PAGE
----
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Atrial Fibrillation During Pregnancy: Special Population Review


Is aspirin safe as antithrombotic therapy in pregnancy? Is electrocardioversion first-line treatment? Get the answers and other reminders, here.

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Although atrial fibrillation is a common arrhythmia, when it occurs during pregnancy, it can portend the presence of congenital heart disease, rheumatic valvular disease, alcohol abuse, hyperthyroidism, or electrolyte imbalance.  It can also represent terbutaline toxicity (which can be used as tocolytic therapy in prevention of preterm labor).  Women who develop AF should always receive an echocardiogram and laboratory workup. Once underlying conditions have been ruled out, the physician must determine whether the presence of AF has caused any change in placental perfusion (ie, whether the arrhythmia is hemodynamically significant), which may requires cardioversion.  In general, during pregnancy, rhythm control with electrical or pharmacologic cardioversion is preferred to rate control (to avoid side effects of antiarrhythmic medications). Electrical cardioversion can be safely done during all trimesters of pregnancy but fetal monitoring after the procedure is recommended in case of transient fetal arrhythmias.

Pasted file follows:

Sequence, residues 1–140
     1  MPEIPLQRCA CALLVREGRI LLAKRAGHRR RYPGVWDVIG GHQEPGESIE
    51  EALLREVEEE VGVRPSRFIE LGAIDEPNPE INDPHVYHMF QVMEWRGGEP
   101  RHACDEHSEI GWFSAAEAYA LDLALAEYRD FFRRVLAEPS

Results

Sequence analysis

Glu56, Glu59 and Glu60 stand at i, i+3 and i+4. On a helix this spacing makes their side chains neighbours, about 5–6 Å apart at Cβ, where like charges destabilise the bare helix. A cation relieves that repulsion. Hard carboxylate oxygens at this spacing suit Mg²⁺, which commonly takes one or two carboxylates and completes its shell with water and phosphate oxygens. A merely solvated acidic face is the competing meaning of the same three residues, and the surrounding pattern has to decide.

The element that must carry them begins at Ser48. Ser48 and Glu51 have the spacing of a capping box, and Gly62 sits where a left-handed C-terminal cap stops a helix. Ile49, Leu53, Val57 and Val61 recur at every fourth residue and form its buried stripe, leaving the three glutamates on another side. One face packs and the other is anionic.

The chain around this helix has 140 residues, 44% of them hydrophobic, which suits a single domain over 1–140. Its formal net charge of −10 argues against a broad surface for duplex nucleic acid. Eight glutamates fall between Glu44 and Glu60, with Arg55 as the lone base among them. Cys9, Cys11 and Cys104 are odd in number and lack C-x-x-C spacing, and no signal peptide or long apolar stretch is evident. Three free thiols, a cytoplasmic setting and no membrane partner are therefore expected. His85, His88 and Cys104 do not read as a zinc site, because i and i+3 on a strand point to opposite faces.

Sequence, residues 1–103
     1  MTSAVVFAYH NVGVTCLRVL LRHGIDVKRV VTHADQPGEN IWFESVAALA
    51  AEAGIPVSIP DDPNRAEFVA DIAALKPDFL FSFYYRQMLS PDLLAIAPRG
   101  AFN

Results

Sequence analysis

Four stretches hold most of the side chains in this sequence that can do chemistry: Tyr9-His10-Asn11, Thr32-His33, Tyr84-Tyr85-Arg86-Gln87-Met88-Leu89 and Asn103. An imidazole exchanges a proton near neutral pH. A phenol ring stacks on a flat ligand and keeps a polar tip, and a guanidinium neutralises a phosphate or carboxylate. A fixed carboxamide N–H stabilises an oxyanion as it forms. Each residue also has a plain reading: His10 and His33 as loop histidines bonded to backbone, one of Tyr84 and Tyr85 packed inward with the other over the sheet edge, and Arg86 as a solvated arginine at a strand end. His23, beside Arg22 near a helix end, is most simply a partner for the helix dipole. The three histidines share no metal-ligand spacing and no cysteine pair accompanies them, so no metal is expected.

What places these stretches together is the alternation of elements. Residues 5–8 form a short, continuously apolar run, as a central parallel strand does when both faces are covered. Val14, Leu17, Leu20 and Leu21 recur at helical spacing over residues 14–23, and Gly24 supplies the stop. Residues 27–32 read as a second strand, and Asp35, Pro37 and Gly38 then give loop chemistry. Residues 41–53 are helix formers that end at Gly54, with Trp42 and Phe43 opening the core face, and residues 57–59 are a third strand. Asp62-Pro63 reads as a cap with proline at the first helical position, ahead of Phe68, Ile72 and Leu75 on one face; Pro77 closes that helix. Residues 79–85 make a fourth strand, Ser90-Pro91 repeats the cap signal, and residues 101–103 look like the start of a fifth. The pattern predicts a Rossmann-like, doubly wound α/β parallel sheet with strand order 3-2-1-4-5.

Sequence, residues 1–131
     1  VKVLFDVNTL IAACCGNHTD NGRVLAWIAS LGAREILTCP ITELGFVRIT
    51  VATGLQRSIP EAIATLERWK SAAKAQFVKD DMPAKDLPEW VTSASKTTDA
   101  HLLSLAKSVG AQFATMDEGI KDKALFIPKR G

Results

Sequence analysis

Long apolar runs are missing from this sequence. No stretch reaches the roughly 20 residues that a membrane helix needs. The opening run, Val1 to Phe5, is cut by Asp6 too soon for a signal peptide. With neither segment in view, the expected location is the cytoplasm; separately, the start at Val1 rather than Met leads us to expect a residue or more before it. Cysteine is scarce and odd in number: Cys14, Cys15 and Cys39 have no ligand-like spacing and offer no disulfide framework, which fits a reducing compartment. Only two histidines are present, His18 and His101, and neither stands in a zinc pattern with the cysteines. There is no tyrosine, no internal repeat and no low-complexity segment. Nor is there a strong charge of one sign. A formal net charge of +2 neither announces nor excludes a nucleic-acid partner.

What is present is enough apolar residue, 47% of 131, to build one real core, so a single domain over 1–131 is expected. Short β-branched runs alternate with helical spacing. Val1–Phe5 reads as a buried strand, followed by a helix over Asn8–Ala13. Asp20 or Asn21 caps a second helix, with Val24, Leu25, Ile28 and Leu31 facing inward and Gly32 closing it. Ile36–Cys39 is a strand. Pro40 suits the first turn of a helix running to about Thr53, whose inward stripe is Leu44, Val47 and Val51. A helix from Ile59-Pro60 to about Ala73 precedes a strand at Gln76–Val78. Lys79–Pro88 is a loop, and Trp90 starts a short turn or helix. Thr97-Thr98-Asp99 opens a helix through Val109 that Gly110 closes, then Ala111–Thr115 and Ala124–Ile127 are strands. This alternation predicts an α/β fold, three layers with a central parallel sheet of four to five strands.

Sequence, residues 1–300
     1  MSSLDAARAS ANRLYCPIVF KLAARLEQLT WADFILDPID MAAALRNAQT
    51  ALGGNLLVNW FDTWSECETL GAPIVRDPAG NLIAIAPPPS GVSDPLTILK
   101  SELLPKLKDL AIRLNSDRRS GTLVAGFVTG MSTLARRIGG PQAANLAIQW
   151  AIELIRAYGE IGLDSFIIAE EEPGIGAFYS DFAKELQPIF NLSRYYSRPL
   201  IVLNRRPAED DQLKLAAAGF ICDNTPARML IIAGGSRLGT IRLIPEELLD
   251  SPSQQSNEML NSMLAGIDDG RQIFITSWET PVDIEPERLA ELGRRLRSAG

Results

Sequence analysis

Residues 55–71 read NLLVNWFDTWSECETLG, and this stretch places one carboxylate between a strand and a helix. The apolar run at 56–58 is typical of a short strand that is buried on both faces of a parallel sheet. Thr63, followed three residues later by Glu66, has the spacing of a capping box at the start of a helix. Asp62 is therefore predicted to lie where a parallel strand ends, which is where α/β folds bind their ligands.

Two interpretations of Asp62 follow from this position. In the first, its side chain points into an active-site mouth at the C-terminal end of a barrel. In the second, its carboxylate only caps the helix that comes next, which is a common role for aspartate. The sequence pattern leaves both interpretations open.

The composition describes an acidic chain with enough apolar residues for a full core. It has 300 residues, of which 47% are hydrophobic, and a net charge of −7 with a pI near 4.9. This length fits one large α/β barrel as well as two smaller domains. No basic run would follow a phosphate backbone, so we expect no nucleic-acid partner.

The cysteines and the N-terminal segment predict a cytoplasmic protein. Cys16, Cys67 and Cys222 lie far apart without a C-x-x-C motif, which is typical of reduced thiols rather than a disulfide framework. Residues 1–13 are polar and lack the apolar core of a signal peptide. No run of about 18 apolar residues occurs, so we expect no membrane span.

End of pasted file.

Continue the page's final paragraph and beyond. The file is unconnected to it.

Medication management for those who cannot be successfully cardioverted can be challenging as well. 

 â–º Beta blockers, especially during the first trimester, can result in fetal growth retardation. 

 â–º Metoprolol and atenolol interfere less with B2- mediated vasodilation or uterine relaxation and the incidence of fetal hypoglycemia is lower with those. 

 â–º Digoxin is safe during pregnancy and is not teratogenic even though it crosses the placenta. 

 â–º Verapamil and diltiazem should be second choice agents when beta blockers and digoxin fail as they can result in maternal or fetal bradycardia, heart block, decreased contractility and possible congenital malformations.

Anticoagulation should be pursued to avoid thromboembolic risk but can also pose maternal and fetal risks. The safety of aspirin therapy during the first trimester is uncertain but low-dose aspirin appears to be safe in the second and third trimesters.  Anticoagulation should be reserved for higher risk AF patients, such as those with rheumatic heart disease, prosthetic heart valves or prior CVA.



Cacciotti L, Passaseo I.  Management of atrial fibrillation in pregnancy. JAFIB. 2010;3:48-52.


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